Britain's GCHQ is reported to have wider access to Europe's electronic communications than previously thought. The media reports are based partly on documents released by former US intelligence officer Edward Snowden.
The reports published by the German public broadcaster NDR and the Süddeutsche newspaper said documents made available to them by Edward Snowden indicate that Britain's Government Communications Headquarters (GCHQ) is capable of gathering and analyzing data from almost all of the traffic that passes through Europe's internet network.
According to the reports, the GCHQ's capabilities are particularly strong with regard to Germany's electronic communications. This is made possible in large part due to a total of 14 fiber optic cables worldwide, which are used to deliver data between and countries and continents. Some of these lead to and from Germany's northern coast, and the German telecommunications giant Deutsche Telekom belongs to a consortium, which operates two of them.
These cables, the reports said, help the GCHQ to snoop on emails not just within Europe, but even within Germany. However, there is also another major contributing factor.
"Many online services have their servers for the European market in England or Ireland. And here too, the German traffic travels via Great Britain," journalist Jörg Schieb, who specializes in computers and the internet, told NDR.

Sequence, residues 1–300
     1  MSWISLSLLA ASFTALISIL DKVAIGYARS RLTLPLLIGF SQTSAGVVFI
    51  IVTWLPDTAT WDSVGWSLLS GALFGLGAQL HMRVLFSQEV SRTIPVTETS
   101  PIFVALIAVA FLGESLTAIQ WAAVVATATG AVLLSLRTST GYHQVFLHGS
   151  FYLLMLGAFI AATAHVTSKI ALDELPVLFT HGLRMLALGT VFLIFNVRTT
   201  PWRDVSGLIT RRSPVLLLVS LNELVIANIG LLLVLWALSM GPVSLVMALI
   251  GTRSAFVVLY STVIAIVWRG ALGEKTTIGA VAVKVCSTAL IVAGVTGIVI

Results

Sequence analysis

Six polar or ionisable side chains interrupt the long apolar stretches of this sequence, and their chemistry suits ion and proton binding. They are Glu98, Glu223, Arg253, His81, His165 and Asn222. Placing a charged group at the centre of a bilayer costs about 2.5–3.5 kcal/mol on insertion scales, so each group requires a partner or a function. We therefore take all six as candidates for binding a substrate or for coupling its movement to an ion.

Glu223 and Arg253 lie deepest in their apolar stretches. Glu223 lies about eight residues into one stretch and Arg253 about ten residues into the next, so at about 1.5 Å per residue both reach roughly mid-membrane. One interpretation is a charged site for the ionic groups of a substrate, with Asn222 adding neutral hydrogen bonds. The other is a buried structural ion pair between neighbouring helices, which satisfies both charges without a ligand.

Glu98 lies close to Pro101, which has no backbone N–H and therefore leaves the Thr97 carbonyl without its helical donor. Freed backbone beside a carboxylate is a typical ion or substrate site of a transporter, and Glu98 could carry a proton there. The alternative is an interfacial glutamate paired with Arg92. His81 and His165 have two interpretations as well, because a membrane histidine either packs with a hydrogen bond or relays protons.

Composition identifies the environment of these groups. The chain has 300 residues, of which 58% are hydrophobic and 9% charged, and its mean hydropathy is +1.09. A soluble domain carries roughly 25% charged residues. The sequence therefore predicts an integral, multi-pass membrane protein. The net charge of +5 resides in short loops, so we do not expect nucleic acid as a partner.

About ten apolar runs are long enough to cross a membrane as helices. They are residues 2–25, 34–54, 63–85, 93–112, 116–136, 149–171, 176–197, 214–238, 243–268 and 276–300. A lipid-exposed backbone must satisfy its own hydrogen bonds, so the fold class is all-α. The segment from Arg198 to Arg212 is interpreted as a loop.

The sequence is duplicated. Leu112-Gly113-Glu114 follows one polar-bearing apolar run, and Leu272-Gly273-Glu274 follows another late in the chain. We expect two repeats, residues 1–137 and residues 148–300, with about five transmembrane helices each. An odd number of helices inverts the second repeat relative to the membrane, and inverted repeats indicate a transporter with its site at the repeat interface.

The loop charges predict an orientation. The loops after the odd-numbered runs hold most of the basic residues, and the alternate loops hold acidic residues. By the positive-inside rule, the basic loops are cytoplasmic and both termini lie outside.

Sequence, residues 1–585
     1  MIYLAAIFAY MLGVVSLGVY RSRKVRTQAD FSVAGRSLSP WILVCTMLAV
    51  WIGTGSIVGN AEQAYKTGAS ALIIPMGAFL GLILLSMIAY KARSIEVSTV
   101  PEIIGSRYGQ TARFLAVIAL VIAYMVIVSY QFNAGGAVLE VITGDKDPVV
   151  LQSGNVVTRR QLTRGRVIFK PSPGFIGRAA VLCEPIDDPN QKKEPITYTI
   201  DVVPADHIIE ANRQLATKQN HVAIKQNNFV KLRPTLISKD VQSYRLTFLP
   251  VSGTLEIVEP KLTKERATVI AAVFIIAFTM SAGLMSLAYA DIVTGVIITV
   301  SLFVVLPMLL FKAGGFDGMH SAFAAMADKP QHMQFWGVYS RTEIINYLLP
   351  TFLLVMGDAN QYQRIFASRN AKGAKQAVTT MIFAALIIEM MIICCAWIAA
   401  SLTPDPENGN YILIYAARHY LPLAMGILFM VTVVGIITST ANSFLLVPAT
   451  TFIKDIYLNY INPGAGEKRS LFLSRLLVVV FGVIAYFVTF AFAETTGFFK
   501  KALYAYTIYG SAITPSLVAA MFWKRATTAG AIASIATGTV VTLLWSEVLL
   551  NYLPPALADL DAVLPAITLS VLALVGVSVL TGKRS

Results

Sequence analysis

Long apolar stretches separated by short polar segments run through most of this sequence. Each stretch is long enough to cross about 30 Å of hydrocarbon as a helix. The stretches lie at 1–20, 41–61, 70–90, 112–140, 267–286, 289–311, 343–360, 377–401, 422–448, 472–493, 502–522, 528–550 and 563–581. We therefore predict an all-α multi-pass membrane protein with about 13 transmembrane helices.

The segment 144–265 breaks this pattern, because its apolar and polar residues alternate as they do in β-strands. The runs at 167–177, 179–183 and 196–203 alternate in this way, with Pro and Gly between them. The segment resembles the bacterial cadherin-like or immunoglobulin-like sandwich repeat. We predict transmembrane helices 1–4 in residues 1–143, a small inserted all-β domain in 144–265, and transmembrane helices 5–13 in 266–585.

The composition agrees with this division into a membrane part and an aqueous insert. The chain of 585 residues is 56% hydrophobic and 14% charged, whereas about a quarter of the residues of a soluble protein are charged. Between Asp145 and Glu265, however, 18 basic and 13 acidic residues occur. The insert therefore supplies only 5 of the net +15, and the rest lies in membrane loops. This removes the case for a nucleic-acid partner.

The reports also say at least six communications companies cooperate with the GCHQ, albeit, not necessarily voluntarily. These include BT, Level-3, Viatel, Interoute, Verizon and Vodafone. Each of these companies is involved in Germany and a large part of the country's internet traffic moves through its networks.
However, according to another whistleblower, US or British intelligence agencies could gain access even without their cooperation. Thomas Drake, a former senior executive of the National Security Agency, where Snowden was a subcontractor, told the Süddeutsche that most emails, even those sent to addresses within the same country travelled through international cables.
Asked to respond to the Süddeutsche and NDR findings, Deutsche Telekom issued a statement in which it declared that it allowed "foreign services no access to data or telecommunications and internet traffic in Germany."
It also said it had "already checked whether there was a legal basis on which one could demand information from other service providers about their cooperation with British intelligence services." This, the statement concluded, found this would be impossible, as Britain's Official Secrets Act binds such companies to confidentiality.
pfd/ipj (dpa, Reuters)